Thursday, February 16, 2017

Why Craigslist is Unbeatable

Reham Fagiri’s eureka moment was the result of a deal gone wrong.

It was spring 2012, and the recent Wharton graduate was trying to sell her television on Craigslist. A prospective buyer—an older, gray-haired gentleman—came to her Philadelphia apartment to take a look. When he realized Fagiri had accidentally listed the wrong television model, he was irate.

“He got really upset about that: ‘You made me drive all the way here, blah, blah, blah,’” she recalls. Fagiri asked $200 for the TV. He offered $50. When she balked at the deal, the man announced that he was simply going to take the television. He started carrying it away.

“I’m like ‘Well, I’d rather save my life than have to argue about $150,’” she tells me. “So I was like ‘I don’t even want your money. Just take the TV.’”

This is the basic flaw of Craigslist. The site facilitates peer-to-peer interactions, but does little to ensure that those transactions go off seamlessly. After her harrowing encounter, Fagiri began trading Craigslist stories with friends and classmates, many of whom were similarly frustrated with the site. “That was kind of the second step, like, ‘OK, well, clearly it’s beyond me, and it’s my classmates too,’” she remembers.

Months later, that Craigslist experience still on her mind, Fagiri started outlining a business idea: an online used-furniture marketplace dedicated to the proposition that sometimes consumers want a middleman around to shield them from irrational strangers. She called the site AptDeco, and, like Craigslist, it would allow users to list and view ads for used furniture. Unlike Craigslist, it would also process payments, coordinate pickup and delivery, and serve as a buffer between buyer and seller.

“I’m an engineer, so I started playing around with the idea in my free time,” says Fagiri. “And then I built a small site.” On launch day she sold a West Elm headboard. That’s when Fagiri knew she was on to something. “‘Oh, OK!’” she recalls thinking. “‘I guess this is a real business!’”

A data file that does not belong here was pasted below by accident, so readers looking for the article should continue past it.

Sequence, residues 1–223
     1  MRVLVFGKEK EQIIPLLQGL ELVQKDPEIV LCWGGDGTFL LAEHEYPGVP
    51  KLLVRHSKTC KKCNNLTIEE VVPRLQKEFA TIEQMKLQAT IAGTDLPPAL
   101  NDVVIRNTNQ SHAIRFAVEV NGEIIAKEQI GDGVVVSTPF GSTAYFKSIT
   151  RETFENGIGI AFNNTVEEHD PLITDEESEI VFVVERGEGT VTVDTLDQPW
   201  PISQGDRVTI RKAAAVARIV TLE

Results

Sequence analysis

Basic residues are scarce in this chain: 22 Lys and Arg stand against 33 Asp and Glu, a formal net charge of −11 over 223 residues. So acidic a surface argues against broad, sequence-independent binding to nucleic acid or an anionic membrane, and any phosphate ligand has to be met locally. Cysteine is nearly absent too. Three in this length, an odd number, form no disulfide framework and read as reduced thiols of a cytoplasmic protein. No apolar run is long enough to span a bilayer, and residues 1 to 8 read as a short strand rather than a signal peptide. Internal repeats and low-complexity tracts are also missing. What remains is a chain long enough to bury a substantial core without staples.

More than three years after it ushered that headboard to new ownership, AptDeco is thriving and pedigreed — it was part of Y Combinator’s Winter 2014 class. According to Fagiri, the site is also profitable. (“Obviously there’s fluctuations. Some months are better. But overall we’re at the break-even profitability mark.”) For its services, AptDeco takes a 23 percent cut of the sale price and charges a flat delivery fee of either $35, $95, or $145, depending on the size of the item purchased; the site also lets you hire people to remove unwanted furniture or assemble new purchases.

AptDeco’s functional business model earns it a place of honor amongst the many startups that are vying to disrupt the “moving used crap around” space. There is Chairish, founded in 2013, which focuses on designer furniture and has raised almost $9 million in venture funding, according to Crunchbase; Viyet, founded in 2012, which specializes in high-end consignment; Trove, also known as Trove Market, a mobile-focused used-furniture service that, according to Crunchbase, has raised almost $1 million in seed funding; others include Krrb, MarketSquare, and 1stDibs.

All of these startups are jostling to dethrone the unlikeliest market leader in the history of online retail: Craigslist. The site commands vast loyalty despite doing very little to actively court its users. At times, it seems to dominate through sheer inertia. And yet Craigslist abides, and thrives, as its would-be competitors struggle to establish themselves. Which raises the question: Why is it so hard to compete with a site that is only begrudgingly a business?

by Justin Peters, Backchannel |  Read more:
Image: Li-Anne Dias